National Review / Digital
Prima Donna Assoluta

Angela Gheorghiu in London last September (Jonathan Short/AP)


Angela Gheorghiu waltzes down to the lobby of the Plaza Hotel in New York. We will have a tête-à-tête in the Champagne Bar. Who is Gheorghiu? In prosaic terms, she is a Romanian soprano born in 1965. In less prosaic terms, she is “the most glamorous and gifted opera singer of our time.” I have quoted from her website. This is publicist’s hyperbole, of course — but it is not far off.

Gheorghiu is not only an extraordinary singer and performer, she is great copy. There is often controversy swirling about her, as well as excitement. She has run-ins with opera administrators and stage directors. She has marriages and romances. People love to gossip about her, snipe at her, hate her, adore her.

She is certainly a top-notch interviewee. In the Champagne Bar, she is amusing, frank, coquettish, catty, and smart as hell. She speaks in a flavorful English, mixing in French, Italian, and Romanian. It is an opera-world patois. And her name, by the way, is pronounced (something like) Ghee’or-GHEE’oo.

It is now the evening after a concert performance of Adriana Lecouvreur at Carnegie Hall. The title role was taken by Gheorghiu, of course, and she, Adriana, is an actress. So is Gheorghiu, very much. In fact, she tells me, the National Theatre in Bucharest has invited her to appear in a play, just straight, “basta with the music.” She is looking forward to it.

We talk a bit about Ionesco, the late playwright, whose daughter she knows. (“Elle habite à Paris.”) We also talk about Enescu, the composer. “Did he write any songs?” I ask. (I can’t remember.) Oh, yes, she says. Gheorghiu has done recitals, and done them well. But she does not look with favor on, for example, an all-Schumann evening. “It’s nice,” she says, “but not nice enough. Something is missing. It’s like a prelude to making love. I want more!”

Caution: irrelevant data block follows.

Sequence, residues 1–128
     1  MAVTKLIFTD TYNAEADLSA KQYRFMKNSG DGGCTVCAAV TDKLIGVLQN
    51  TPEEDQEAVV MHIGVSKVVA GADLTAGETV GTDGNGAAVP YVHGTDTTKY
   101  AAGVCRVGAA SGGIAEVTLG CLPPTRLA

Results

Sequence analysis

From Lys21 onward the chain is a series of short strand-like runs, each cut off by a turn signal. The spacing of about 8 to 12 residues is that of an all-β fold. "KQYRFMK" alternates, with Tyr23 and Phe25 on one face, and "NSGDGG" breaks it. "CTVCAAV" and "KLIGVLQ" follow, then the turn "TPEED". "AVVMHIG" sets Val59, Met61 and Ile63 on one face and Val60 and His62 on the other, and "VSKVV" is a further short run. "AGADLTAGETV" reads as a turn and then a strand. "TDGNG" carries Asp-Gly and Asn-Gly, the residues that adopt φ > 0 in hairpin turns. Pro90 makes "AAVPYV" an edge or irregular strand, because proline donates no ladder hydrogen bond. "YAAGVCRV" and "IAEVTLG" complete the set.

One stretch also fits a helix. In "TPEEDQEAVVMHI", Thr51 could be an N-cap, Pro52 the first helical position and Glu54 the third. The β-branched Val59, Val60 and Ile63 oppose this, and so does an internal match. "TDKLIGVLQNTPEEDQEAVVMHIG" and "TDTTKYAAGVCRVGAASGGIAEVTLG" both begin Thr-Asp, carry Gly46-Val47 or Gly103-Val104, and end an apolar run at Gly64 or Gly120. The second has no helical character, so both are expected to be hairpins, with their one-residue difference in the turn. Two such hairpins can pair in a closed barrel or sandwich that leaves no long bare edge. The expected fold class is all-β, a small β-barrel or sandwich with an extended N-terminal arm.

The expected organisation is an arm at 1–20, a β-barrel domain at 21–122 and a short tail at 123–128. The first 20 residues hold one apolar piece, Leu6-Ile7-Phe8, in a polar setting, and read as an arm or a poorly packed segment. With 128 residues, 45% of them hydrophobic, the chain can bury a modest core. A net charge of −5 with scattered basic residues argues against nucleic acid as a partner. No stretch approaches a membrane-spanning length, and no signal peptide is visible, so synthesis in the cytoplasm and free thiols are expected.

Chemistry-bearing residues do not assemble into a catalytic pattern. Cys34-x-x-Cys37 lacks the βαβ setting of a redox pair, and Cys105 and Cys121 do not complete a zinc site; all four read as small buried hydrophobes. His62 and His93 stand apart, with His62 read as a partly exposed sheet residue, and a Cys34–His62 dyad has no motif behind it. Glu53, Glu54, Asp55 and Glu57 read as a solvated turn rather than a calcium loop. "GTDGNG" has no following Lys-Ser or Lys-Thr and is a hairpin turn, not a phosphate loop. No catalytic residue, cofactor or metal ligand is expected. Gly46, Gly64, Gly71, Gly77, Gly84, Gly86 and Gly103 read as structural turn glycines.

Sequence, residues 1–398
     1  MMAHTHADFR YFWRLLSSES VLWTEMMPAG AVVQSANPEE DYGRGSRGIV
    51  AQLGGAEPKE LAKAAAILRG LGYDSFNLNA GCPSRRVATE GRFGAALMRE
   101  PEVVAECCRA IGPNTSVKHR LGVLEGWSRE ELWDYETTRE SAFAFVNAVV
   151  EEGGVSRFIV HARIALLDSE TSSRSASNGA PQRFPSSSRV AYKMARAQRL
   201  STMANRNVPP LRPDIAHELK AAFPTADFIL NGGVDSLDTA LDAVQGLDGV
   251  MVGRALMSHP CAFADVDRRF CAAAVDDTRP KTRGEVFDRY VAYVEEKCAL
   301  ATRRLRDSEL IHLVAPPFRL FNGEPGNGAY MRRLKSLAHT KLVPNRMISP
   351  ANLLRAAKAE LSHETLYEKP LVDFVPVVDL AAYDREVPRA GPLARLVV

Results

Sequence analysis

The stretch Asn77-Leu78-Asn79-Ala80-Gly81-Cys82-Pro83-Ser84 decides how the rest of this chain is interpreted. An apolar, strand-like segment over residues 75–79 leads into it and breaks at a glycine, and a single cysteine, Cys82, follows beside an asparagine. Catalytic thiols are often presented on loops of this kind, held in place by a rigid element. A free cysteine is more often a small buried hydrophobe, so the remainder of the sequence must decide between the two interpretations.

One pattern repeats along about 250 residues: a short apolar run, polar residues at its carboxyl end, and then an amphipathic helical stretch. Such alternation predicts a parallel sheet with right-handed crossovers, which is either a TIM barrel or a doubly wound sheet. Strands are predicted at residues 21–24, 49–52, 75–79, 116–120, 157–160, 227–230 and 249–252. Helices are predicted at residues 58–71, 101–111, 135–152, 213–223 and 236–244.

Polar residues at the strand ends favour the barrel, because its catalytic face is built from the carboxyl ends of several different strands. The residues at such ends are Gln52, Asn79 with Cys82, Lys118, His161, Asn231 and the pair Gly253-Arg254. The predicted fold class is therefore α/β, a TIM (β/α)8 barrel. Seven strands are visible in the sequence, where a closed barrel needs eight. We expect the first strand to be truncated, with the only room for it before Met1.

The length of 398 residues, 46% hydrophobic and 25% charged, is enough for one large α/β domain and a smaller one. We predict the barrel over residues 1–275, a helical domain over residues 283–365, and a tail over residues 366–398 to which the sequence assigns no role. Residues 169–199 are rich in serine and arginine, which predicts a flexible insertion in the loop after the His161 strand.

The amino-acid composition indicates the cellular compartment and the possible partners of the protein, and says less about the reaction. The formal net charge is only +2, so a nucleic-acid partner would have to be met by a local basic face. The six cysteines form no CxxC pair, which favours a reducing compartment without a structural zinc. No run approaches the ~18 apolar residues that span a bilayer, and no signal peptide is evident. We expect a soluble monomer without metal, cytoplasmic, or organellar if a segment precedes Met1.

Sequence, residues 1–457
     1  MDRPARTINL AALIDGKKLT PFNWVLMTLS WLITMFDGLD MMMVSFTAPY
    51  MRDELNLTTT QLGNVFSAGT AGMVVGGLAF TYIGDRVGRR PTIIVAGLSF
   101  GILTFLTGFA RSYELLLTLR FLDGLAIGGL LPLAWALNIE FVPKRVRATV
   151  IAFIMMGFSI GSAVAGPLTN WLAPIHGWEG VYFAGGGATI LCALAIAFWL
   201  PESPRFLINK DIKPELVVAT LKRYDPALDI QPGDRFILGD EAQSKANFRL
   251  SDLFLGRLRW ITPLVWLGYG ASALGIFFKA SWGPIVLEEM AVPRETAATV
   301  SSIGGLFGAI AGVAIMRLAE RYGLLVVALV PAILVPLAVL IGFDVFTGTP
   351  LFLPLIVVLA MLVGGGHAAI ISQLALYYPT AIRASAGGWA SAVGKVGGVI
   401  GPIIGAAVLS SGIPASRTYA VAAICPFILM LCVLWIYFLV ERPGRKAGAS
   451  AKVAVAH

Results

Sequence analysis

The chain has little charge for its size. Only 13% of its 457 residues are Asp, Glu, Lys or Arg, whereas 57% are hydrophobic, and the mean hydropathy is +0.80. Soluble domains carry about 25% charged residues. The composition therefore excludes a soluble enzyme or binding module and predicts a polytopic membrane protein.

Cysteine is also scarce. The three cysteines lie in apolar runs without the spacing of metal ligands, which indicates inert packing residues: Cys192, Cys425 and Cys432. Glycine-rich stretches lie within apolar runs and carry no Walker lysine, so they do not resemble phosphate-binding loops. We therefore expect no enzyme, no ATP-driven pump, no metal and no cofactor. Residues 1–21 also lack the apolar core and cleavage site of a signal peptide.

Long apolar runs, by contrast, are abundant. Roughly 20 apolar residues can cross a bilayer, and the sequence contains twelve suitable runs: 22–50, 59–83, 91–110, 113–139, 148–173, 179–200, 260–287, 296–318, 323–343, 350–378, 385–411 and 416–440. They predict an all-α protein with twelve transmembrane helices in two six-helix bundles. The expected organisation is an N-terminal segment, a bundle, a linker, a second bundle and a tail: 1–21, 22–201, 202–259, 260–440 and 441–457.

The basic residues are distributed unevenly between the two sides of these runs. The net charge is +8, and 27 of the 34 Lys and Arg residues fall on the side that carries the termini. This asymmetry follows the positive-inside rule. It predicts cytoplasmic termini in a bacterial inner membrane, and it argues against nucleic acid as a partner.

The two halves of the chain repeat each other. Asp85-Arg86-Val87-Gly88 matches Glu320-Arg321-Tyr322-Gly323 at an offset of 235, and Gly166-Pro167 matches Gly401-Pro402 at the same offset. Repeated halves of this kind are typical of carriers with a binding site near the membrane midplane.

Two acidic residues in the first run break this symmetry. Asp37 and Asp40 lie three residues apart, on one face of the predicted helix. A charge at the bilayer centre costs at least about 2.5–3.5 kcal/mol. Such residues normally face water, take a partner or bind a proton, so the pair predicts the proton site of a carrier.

What she is, principally, is an opera star, born to be. She is fully aware of this fact. “Shame on me!” she says. She has no problem whatsoever with being a prima donna. “I’m proud of it,” she says. “I’ve always been proud of it. And I always knew it” — always knew she was one. When she was five years old, she sang with her sister in front of an audience. She saw the emotions in that audience. She saw similar emotions in Carnegie Hall, for her Adriana. “I have seen this reaction all my life.”

Her sister, Elena, died several years ago in a car accident. When she mentions her death — maybe halfway through our conversation — she falls suddenly silent and somber.

Romania, when they were growing up, was one of the worst of the Communist dictatorships. There were not many opportunities for budding singers (or for anyone else). “Imagine me to be an American!” says Gheorghiu. Imagine if she had been an American. “Everything I did, I did only because of me — moi!” She worked and scrapped for everything she achieved.

She did have a teacher, of whom she speaks gratefully. Her name was Mia Barbu, and she taught Angela for some five years — from the time the girl was 14 until she was 18. “I did my canto lessons,” says Gheorghiu, “pure canto. All the studies” (the Vaccai method and so on). But she did everything “very quick.” What can take others years, she says, took her just a day. She remembers a particular occasion: Barbu said to her, “Breathe.” Angela breathed. The teacher said, “That’s it! Don’t ever change that.”

January 23, 2012    |     Volume LXIV, No. 1

Books, Arts & Manners
The Long View  .  .  .  .  .  .  .  .  
Athwart  .  .  .  .  .  .  .  .  
Poetry  .  .  .  .  .  .  .  .  
Happy Warrior  .  .  .  .  .  .  .  .